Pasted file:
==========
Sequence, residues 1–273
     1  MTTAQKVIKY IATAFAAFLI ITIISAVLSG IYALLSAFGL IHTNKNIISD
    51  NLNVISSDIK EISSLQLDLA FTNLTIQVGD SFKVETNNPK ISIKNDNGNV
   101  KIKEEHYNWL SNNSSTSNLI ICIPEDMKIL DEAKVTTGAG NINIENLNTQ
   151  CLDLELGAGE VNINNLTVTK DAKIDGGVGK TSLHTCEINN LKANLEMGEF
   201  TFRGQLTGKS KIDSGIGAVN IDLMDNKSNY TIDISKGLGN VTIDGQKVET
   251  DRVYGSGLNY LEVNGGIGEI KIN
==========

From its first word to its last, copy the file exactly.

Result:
Sequence, residues 1–273
     1  MTTAQKVIKY IATAFAAFLI ITIISAVLSG IYALLSAFGL IHTNKNIISD
    51  NLNVISSDIK EISSLQLDLA FTNLTIQVGD SFKVETNNPK ISIKNDNGNV
   101  KIKEEHYNWL SNNSSTSNLI ICIPEDMKIL DEAKVTTGAG NINIENLNTQ
   151  CLDLELGAGE VNINNLTVTK DAKIDGGVGK TSLHTCEINN LKANLEMGEF
   201  TFRGQLTGKS KIDSGIGAVN IDLMDNKSNY TIDISKGLGN VTIDGQKVET
   251  DRVYGSGLNY LEVNGGIGEI KIN